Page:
Fat over lean is a very simple rule in oil painting that you will learn about when you start oil painting. In simple terms, it just means that you should use lesser oil medium in the first and bottom layers, in order to give those layers less flexibility and faster drying times.
Usually, the fat over lean rule ensures that the paint bonds perfectly with the canvas. The main advantage is that the paint doesn’t get any cranks anywhere near soon. This is how lean paint is covered with fatter paints.
When you are following the fat over lean rule and using any oily medium, it means that the leaner layer dries off more quickly than the layer of fat paint that you’re going to cover it with.
Since oxidation can take time (days or even months), the paint will expand with time and then contract again as the unsaturated fatty acids link up to absorb the oxygen, all while the paint is polymerising. The fat-over-lean rule ensures that the layer beneath does not force any pressure on the top layers when the top layer is already dry, so that is why every added layer of paint is more flexible than that of the layer beneath it.
What Does ‘Fat’ & ‘Lean’ Mean?
So as the name suggests, the lean paint is relatively thinner than other paints. This paint is made by adding solvents. This paint becomes diluted with the addition of this drying agent. This paint will have less gloss and a matte look to it.
This paint dries very quickly due to the rapid evaporation of the solvent, even faster than the paints that are solved with oil-based mediums.
A fat paint can be described as a paint with a higher percentage of oil. This is done by any type of oily medium (such as linseed oil) to the paint and modifying it from its original state. This is just like adding the binder to your paint in proportion.
The fat paint is very easy to spread over the canvas, but the high proportion of oily medium in the paint will dry slowly. But in return, this will give you a glossy look and more durability.
How to layer the paints according to the fat over lean painting rule?
When you paint the first layer of leaner paint, it will dry quickly. Still, you have to gradually and slowly increase the proportion of oily medium in the paint to make it more flexible with each added layer of paint.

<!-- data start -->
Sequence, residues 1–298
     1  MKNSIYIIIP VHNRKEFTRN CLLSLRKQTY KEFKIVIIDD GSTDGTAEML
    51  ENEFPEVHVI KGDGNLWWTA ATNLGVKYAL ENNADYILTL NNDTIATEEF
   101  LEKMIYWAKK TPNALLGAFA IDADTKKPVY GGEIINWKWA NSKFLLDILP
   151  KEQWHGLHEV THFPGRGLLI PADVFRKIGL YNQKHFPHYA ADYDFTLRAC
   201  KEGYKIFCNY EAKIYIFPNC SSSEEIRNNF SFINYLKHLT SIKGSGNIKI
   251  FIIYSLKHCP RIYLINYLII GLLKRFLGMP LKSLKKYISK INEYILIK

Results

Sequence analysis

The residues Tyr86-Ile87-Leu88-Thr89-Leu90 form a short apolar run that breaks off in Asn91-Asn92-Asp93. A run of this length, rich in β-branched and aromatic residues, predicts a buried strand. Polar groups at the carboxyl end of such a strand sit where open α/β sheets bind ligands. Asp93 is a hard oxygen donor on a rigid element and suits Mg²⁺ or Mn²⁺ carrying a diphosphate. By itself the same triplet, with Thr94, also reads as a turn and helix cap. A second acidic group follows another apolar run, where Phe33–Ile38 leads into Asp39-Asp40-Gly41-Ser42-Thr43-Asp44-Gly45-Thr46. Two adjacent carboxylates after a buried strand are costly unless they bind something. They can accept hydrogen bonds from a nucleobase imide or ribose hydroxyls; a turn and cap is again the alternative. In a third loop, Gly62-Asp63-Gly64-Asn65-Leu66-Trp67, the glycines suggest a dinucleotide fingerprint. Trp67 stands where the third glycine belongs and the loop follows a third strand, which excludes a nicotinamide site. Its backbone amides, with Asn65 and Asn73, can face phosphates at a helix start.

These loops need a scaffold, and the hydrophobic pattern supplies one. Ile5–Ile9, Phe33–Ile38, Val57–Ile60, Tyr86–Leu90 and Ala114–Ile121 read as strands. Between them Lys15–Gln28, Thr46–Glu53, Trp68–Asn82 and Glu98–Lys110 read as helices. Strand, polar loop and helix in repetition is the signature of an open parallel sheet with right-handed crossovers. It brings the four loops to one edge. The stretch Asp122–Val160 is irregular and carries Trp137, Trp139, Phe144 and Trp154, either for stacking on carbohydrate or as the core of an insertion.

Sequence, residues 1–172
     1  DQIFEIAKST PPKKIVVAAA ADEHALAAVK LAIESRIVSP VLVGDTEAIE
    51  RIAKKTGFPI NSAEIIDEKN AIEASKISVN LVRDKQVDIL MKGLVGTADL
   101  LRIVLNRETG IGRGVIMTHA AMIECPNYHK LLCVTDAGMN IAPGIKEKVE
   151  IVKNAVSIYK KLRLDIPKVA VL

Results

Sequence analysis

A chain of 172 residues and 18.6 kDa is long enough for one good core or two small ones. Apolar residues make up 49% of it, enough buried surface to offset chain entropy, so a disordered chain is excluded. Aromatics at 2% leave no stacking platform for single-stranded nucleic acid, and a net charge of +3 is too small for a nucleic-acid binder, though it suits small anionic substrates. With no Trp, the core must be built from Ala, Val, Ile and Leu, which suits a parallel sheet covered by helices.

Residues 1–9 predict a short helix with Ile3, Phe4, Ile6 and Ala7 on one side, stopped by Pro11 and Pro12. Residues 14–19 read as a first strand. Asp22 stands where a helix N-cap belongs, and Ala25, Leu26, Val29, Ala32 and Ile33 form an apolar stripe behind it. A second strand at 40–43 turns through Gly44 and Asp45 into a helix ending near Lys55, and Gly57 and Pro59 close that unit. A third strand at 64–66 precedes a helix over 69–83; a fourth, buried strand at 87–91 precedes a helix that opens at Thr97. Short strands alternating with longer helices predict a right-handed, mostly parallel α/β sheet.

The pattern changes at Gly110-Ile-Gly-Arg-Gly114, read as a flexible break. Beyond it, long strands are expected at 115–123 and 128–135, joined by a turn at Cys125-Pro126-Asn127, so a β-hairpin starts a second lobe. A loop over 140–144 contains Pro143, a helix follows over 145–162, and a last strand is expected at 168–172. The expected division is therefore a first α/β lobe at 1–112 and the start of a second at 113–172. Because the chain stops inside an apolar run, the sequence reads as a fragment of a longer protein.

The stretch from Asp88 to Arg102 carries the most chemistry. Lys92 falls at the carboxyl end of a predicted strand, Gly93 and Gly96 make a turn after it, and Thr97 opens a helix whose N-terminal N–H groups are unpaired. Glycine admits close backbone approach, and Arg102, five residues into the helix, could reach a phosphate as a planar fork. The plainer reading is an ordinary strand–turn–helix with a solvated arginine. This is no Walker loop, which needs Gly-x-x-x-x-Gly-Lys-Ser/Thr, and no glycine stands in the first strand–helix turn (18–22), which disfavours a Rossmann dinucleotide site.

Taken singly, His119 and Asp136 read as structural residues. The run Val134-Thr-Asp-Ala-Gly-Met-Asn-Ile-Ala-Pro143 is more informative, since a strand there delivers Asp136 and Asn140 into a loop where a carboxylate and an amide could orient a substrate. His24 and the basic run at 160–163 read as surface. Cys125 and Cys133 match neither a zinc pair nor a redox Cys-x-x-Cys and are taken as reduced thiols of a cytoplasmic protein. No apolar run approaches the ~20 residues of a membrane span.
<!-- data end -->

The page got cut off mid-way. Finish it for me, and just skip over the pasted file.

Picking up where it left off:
So you have to use the thinner paint (that is mixed with solvents) as the first layer on the canvas and gradually go high on oil content in paint.
Does it make any difference when not following the fat over lean rule?
Not following the fat over lean paint rule in oil painting can potentially cause problems in the end result of the painting. The paint will appear pale, and the layer beneath it, which is saturated higher than the layer on the top, will appear matte. Furthermore, with time, the painting may start to develop cracks when the leaner paint is bonded with the flexible paint, and the paint may even come off from the surface in some places.
Are their Any Other Alternatives?
Water Soluble Oil Paints
See main post on Water Soluble Oil Paints
Alkyds are resins derived from different sources, such as oils, acids, or alcohol. Alkyds have different chemical structures to oil, and that’s why it differs from the polymerising process of oil. This medium dries off quickly, and the layer is flexible according to its proportion mixed with the paint.
When using alkyds as the medium, always remember to cover a less flexible paint with more flexible paint by gradually adding more alkyd to the paint.
Cold wax is the only medium where you don’t have to worry much about the fat over lean rule. Cold wax will be the only thing you’ll be adding to the oil paint instead of solvents or oily mediums. You can get an impasto effect by adding only the wax as the medium.
You may Also be interested in…
- What is the Fat-Over-Lean Rule in Oil Painting
- The Ultimate Guide To Oil Painting: Rules, Mediums & Varnishes
- What Is Sansodor Used For In Oil Painting
- Why Are Parts of My Oil Painting Shiny
- Turpentine vs White Spirit: Which Solvent Should I Use For Oil Painting
- Thin Oil Paint Without Turpentine (8 Alternatives)
- Do You Have To Prime A Canvas Before Painting?
- Can You Varnish Over A Watercolour Painting?
- Making Oil Painting Less Toxic (Quick & Easy Solutions)
- Do You Have To Use Linseed Oil When Oil Painting
- Can You Paint On Linen Canvas?
- Should I Paint On Canvas Or Paper?